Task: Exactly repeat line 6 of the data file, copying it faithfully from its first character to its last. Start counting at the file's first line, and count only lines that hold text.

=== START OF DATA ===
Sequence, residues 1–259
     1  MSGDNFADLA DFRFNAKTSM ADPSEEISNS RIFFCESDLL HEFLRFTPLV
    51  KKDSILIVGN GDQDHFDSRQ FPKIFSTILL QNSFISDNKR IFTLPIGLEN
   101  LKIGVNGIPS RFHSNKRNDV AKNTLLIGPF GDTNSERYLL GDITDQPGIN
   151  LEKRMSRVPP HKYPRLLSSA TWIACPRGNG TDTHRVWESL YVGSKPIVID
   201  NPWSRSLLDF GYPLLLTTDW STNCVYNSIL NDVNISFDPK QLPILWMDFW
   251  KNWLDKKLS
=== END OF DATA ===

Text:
   201  NPWSRSLLDF GYPLLLTTDW STNCVYNSIL NDVNISFDPK QLPILWMDFW